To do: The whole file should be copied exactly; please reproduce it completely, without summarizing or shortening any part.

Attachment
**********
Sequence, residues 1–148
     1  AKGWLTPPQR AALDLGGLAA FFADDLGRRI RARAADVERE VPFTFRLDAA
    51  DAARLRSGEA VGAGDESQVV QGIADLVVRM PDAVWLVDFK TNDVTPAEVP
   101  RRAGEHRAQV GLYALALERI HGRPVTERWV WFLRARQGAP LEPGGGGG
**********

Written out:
Sequence, residues 1–148
     1  AKGWLTPPQR AALDLGGLAA FFADDLGRRI RARAADVERE VPFTFRLDAA
    51  DAARLRSGEA VGAGDESQVV QGIADLVVRM PDAVWLVDFK TNDVTPAEVP
   101  RRAGEHRAQV GLYALALERI HGRPVTERWV WFLRARQGAP LEPGGGGG